At various times during the game, something "special" will affect, or
attempt to affect, your character: things such as spells being cast at
you, poisonous snakes biting you, players using wands on you, etc. In
these special cases, your character is allowed a SAVING THROW There are
five kinds of saving throws: poison, rods, petrification, breath weapons,
and spells. A successful save means you either avoid the effect entirely
or the damage received is reduced.
Every player and mob has base values for each of the five saving throw
types, depending on class and level. Some classes are better at saving
against particular attack types, and higher levels generally have better
saving throw values than lower levels. When the game determines that a
saving throw needs to be rolled, it first looks up that character's base
value for their level and class. Next, modifiers for any worn equipment
that gives a saving throw modifier for that attack type are applied.
Finally, additional modifiers based on various other factors may be
applied, such as:
Equipment with proficiency or susceptibility modifiers
Difference in levels between you and your opponent
Modifier for your character's class for that particular attack
Modifier for your opponent's class for that particular attack
Once the value is calculated, a dice roll is made and compared to that
value, which determines whether your character succeeds or fails the
Since saving throws vs spells are the most common, that will be used as an
example to explain the function of saves. (Please note that the exact
numbers are given only for this example and are in no way intended to be
an accurate reflection of the "real" values used by the game.)
A level 25 warrior-class character is fighting a level 23 mage-class
monster. The monster casts a lightning bolt at the character. The
character is allowed a saving throw vs spells in order to take less damage
from the lightning bolt. First, the game finds the character's base save,
determined by his level and class. Assume this number is a 14 (it's not).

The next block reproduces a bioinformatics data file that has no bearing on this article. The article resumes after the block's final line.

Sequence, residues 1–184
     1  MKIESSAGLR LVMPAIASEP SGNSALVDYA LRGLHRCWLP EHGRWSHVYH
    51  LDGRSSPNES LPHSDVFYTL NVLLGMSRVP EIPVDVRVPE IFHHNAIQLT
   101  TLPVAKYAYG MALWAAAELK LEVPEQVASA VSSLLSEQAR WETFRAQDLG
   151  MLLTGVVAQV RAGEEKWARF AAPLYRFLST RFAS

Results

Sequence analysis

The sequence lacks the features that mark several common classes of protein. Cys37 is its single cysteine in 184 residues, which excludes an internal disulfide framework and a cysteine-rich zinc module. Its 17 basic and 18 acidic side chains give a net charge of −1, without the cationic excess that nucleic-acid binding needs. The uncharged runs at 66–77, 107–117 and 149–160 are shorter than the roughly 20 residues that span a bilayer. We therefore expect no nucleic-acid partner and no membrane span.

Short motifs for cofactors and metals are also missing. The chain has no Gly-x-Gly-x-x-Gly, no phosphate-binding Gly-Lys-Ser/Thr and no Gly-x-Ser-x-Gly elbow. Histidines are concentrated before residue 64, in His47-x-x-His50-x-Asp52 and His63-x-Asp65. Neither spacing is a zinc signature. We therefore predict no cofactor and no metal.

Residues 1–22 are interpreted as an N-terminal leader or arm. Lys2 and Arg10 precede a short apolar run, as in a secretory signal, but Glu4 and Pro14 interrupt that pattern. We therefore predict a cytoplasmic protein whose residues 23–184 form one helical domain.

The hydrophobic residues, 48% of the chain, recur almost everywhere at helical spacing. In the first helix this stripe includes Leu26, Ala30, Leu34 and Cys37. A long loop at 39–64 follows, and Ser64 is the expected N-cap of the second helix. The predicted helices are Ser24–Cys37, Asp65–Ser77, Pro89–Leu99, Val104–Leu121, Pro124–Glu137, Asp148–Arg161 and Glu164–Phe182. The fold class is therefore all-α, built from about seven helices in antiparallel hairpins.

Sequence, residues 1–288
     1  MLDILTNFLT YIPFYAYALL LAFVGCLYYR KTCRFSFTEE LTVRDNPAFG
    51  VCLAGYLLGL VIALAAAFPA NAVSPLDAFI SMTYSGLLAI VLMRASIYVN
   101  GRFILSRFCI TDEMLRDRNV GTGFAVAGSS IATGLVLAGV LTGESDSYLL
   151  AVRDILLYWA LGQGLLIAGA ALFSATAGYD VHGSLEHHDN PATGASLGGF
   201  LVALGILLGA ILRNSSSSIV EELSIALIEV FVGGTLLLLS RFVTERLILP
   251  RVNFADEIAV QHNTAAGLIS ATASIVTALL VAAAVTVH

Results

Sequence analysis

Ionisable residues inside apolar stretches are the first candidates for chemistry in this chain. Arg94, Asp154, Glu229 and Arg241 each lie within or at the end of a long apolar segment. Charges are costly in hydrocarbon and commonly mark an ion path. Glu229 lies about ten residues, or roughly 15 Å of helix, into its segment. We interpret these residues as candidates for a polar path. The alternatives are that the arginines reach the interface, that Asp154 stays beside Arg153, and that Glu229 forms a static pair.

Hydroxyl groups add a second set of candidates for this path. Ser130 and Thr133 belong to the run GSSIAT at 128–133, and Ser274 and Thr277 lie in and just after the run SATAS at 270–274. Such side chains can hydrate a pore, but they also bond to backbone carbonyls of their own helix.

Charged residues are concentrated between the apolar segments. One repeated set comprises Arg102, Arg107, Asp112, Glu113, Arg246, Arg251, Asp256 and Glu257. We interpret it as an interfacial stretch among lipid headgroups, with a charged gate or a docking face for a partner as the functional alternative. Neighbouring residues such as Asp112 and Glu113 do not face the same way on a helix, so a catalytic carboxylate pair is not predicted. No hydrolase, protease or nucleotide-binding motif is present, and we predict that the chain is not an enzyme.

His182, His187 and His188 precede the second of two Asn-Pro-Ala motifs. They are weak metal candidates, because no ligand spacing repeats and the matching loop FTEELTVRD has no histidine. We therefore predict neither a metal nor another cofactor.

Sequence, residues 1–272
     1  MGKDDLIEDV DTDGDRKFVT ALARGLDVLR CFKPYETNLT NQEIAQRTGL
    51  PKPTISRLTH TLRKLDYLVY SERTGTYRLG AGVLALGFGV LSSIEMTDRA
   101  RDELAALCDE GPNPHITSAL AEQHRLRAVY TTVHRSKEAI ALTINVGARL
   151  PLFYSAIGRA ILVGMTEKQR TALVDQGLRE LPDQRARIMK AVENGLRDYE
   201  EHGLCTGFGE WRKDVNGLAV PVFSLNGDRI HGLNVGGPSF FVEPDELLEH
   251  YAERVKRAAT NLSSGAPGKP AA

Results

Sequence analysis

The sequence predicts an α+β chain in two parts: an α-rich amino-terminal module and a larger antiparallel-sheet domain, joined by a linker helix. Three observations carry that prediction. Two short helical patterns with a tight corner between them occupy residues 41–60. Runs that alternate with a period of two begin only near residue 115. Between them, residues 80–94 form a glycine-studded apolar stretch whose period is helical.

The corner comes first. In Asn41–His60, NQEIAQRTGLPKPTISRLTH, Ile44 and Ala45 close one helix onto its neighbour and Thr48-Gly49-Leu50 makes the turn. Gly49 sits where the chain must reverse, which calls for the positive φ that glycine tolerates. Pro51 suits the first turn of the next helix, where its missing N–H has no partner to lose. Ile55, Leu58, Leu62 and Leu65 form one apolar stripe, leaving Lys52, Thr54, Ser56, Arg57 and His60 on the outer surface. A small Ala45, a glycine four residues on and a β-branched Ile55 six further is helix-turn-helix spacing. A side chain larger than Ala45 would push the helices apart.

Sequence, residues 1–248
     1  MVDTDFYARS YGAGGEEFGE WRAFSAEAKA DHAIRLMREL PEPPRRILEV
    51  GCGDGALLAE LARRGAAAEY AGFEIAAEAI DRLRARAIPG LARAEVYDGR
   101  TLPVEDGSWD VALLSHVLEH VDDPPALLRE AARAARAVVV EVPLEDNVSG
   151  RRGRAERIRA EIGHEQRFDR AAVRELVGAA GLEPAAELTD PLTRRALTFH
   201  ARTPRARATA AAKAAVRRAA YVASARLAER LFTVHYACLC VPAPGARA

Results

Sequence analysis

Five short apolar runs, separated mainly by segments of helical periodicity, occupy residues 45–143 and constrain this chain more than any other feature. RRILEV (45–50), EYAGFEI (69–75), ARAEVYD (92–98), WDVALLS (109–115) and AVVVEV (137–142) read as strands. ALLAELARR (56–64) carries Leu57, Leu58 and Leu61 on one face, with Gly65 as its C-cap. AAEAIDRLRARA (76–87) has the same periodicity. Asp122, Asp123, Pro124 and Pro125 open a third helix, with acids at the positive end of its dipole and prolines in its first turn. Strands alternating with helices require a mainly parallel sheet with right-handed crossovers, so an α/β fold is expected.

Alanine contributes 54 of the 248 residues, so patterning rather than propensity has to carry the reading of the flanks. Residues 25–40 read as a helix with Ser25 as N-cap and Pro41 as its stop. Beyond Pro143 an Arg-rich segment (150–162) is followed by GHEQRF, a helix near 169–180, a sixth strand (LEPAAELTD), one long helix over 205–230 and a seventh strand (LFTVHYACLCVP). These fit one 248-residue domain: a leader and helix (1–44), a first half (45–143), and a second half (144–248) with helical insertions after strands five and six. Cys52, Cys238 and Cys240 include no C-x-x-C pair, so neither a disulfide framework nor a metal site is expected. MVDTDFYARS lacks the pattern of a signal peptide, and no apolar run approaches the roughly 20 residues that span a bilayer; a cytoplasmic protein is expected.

Next, the game looks to see if the character is wearing any equipment
that affects saves vs spells. He is wearing an amulet which is -2 SAVING
SPELL and a ring which is -3 SAVING SPELL Finally, the game checks to see
if any special modifiers are applied, such as:
Proficiency or susceptibility equipment
Modifiers for lightning bolt based on the caster's class (mage)
Modifiers for lightning bolt based on the target's class (warrior)
Modifiers for lightning bolt based on the level difference " "
Assume, in this case, no other modifiers apply. These modifiers are
added up, resulting in a -5. This total is then added to the character's
base save of 14, resulting in a 9 (14+(-5)). Now the game rolls a 20-sided
die. If the number is higher than 9, the character "makes his save" and
takes less damage from the lightning bolt. A die roll of 1 always fails
the save, and a 20 always makes the save.
As stated in the above example, saving throws of all five types are based
on the level and class of the character.
Any saving throw modifier that is negative benefits the player. SAVING
SPELL by -3 is GOOD SAVING SPELL by 1 is BAD.
The five types of saving throws and their effects are as follows:
Save vs Poison is made for poison attacks
Save vs Rod is made for spells and effects cast by a device (wand,
staff, and most weapons with the ATTACK flag)
Save vs Petrification is made for paralysis or petrifying attacks
Save vs Breath is made for all types of breath weapons
Save vs Spell is made to reduce or avoid the effects of a casted spell
or a recited scroll.
See Also: SPELLS USE WAND STAFF ATTACK RECITE SCROLL POISON